Woe, woe to the riders that trample them down !
Proud Cumberland prances, insulting the slain,
And their hoof-beaten bosoms are trod to the plain.
But hark ! through the fast-flashing lightning of war,
What steed to the desert flies frantic and far ?
'Tis thine, O Glenullin ! whose bride shall await,
Like a love-lighted watch-fire, all night at the gate.
A steed comes at morning: no rider is there ;
But its bridle is red with the sign of despair.
Weep, Albin, to death and captivity led !
Oh weep! but thy tears cannot number the dead;
For a merciless sword on Culloden shall wave,
Culloden! that reeks with the blood of the brave.

LOCHIEL.

Go, preach to the coward, thou death-telling seer !
Or if gory Culloden so dreadful appear,
Draw, dotard ! around thy old wavering sight
This mantle to cover the phantoms of fright.

WIZARD.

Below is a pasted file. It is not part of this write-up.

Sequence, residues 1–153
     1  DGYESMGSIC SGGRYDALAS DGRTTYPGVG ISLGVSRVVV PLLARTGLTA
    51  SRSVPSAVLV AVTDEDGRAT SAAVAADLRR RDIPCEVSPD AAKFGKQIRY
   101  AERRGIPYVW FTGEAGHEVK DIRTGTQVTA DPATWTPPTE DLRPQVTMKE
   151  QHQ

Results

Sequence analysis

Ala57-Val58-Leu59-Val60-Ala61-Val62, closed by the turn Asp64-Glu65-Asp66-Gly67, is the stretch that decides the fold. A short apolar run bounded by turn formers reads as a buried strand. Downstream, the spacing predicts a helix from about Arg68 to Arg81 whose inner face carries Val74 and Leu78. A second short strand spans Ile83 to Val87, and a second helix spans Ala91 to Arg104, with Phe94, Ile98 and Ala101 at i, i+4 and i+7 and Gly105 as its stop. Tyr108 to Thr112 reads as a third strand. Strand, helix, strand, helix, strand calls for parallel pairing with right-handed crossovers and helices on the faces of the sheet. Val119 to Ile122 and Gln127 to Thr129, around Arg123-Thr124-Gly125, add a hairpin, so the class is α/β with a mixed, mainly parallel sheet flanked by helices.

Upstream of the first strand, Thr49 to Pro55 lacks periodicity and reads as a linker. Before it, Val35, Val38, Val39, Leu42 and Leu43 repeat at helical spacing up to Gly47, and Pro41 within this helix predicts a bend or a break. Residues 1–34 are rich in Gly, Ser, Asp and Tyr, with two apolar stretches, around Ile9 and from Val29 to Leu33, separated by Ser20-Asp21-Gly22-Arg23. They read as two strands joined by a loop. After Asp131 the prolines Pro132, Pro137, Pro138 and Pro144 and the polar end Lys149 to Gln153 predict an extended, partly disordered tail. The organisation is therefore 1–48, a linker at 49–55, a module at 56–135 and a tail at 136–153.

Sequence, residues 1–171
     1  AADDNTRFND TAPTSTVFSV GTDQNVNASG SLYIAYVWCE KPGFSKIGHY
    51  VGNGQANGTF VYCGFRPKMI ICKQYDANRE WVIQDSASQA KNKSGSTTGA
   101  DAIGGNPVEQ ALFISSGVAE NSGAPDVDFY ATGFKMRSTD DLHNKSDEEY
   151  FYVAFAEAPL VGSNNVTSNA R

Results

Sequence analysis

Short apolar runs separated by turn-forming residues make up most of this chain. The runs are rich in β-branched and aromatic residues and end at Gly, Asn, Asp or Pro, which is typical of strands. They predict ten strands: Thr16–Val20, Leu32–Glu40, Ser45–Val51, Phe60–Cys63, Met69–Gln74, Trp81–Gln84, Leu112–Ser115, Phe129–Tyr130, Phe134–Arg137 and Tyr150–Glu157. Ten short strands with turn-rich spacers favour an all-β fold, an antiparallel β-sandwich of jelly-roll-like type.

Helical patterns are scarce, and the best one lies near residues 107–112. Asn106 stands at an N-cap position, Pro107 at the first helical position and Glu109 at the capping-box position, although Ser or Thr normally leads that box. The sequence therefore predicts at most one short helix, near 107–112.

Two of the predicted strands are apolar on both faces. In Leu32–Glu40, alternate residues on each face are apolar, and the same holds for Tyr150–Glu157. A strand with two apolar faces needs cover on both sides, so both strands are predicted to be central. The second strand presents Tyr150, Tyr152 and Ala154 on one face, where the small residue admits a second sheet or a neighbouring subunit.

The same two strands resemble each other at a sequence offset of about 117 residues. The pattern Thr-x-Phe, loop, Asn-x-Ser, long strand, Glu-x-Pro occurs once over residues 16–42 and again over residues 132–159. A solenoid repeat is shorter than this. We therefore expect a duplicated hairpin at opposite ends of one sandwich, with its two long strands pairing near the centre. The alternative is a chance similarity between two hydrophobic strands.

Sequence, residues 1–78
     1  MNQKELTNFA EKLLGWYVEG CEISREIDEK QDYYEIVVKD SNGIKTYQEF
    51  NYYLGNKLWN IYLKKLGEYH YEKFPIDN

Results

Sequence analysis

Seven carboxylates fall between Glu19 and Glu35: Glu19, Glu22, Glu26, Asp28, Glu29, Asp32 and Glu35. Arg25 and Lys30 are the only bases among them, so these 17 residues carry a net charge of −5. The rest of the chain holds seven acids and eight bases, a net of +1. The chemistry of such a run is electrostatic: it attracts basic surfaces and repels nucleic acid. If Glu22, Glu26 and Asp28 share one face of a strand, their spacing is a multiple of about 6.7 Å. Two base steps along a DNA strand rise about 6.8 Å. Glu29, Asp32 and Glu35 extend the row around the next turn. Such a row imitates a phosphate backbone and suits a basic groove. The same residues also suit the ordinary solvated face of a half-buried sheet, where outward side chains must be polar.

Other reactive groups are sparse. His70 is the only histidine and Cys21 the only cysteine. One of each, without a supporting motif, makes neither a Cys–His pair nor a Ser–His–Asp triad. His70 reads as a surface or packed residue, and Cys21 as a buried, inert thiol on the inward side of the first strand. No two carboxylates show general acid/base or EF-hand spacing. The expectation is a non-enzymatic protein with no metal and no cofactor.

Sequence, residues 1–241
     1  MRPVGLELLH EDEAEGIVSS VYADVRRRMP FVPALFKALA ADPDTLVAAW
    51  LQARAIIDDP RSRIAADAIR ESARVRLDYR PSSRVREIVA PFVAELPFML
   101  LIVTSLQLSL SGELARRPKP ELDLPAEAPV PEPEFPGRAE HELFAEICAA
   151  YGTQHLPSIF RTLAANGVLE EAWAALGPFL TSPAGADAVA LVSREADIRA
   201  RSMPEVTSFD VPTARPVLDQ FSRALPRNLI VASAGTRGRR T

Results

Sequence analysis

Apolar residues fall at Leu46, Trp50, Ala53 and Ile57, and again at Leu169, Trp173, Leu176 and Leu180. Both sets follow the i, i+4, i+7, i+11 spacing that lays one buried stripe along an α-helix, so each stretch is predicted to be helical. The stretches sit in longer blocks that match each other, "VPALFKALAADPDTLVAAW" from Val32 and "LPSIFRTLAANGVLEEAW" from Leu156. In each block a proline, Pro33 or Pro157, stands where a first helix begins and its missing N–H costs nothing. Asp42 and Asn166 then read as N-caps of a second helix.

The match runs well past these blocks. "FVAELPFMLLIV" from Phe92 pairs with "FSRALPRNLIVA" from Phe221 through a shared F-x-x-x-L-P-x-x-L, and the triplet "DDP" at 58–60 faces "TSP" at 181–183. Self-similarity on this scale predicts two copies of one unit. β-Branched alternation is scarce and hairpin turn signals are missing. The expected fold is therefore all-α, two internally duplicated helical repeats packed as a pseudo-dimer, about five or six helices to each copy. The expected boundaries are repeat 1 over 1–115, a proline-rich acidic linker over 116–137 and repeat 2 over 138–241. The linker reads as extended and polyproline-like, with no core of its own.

Ha ! laugh'st thou, Lochiel, my vision to scorn ?
Proud bird of the mountain, thy plume shall be torn!
Say, rushed the bold eagle exultingly forth,
From his home in the dark-rolling clouds of the north ?
Lo! the death-shot of foemen outspeeding, he rode
Companionless, bearing destruction abroad;

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But down let him stoop from his havoc on high !
Ah ! home let him speed, for the spoiler is nigh.
Why flames the far summit? why shoot to the blast
Those embers, like stars from the firmament cast ?
'Tis the fire-shower of ruin, all dreadfully driven
From his eyrie, that beacons the darkness of heaven.
Oh, crested Lochiel ! the peerless in might,
Whose banners arise on the battlements' height,
Heaven's fire is around thee to blast and to burn;
Return to thy dwelling ! all lonely return !
For the blackness of ashes shall mark where it stood,
And a wild mother scream o'er her famishing brood.

LOCHIEL.

False Wizard, avaunt ! I have marshalled my clan,
Their swords are a thousand, their bosoms are one !
They are true to the last of their blood and their breath,
And like reapers descend to the harvest of death.
Then welcome be Cumberland's steed to the shock !
Let him dash his proud foam like a wave on the rock !
But woe to his kindred, and woe to his cause,